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We consider a multicell multicarrier system with frequency reuse distance that is equal to one. Allowing all cells to transmit on the whole bandwidth unveils large potential gains in terms of spectral efficiency, in comparison with conventional cellular systems. Such a scenario, however, is often deemed unfeasible because of the strong multiple access interference (MAI) that negatively affects system performance. This paper presents a layered architecture that integrates a packet scheduler with an adaptive resource allocator that was explicitly designed to take care of the MAI. Each cell performs its resource management in a distributed way with no central controller. Iterative resource allocation assigns radio channels to the users to minimize interference. Packet scheduling guarantees that all users get a fair share of resources, regardless of their position in the cell. This scheduler-allocator architecture integrates both goals and is able to self-adapt to any traffic and user configuration. An adaptive distributed load control strategy can reduce the cell load so that the iterative procedure always converges to a stable allocation, regardless of the interference. Numerical results show that the proposed architecture guarantees both high spectral efficiency and throughput fairness among flows.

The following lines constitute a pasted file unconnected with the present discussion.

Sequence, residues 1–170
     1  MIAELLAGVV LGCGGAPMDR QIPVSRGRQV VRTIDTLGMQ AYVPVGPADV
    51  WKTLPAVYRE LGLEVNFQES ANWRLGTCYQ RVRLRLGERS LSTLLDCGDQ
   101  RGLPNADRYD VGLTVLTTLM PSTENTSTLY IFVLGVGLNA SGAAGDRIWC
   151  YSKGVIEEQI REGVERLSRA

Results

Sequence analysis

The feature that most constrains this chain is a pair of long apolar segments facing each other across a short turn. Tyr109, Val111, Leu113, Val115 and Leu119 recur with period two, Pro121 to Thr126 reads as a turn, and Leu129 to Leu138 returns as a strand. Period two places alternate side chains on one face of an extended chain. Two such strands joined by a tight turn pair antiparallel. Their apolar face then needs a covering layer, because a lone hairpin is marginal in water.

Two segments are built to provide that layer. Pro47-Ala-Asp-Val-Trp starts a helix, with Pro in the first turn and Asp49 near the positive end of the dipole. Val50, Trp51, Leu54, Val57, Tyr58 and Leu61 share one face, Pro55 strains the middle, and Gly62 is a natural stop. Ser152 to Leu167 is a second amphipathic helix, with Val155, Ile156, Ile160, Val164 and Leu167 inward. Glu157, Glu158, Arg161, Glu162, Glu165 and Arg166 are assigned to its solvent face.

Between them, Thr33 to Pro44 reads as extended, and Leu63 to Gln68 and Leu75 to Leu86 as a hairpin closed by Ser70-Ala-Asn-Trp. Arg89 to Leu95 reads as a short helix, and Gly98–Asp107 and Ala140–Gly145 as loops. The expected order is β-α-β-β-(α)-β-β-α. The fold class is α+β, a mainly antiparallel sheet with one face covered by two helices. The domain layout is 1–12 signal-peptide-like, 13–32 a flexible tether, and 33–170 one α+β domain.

Date of Publication: May 2011